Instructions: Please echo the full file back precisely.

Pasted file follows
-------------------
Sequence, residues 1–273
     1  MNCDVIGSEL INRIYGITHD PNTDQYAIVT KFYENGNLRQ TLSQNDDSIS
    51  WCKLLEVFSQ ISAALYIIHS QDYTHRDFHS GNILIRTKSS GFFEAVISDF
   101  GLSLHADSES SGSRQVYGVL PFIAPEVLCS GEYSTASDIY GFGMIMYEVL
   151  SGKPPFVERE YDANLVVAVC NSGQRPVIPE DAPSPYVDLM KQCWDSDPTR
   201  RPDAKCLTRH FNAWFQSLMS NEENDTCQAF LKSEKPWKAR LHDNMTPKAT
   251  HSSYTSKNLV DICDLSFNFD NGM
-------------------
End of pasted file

Sequence, residues 1–273
     1  MNCDVIGSEL INRIYGITHD PNTDQYAIVT KFYENGNLRQ TLSQNDDSIS
    51  WCKLLEVFSQ ISAALYIIHS QDYTHRDFHS GNILIRTKSS GFFEAVISDF
   101  GLSLHADSES SGSRQVYGVL PFIAPEVLCS GEYSTASDIY GFGMIMYEVL
   151  SGKPPFVERE YDANLVVAVC NSGQRPVIPE DAPSPYVDLM KQCWDSDPTR
   201  RPDAKCLTRH FNAWFQSLMS NEENDTCQAF LKSEKPWKAR LHDNMTPKAT
   251  HSSYTSKNLV DICDLSFNFD NGM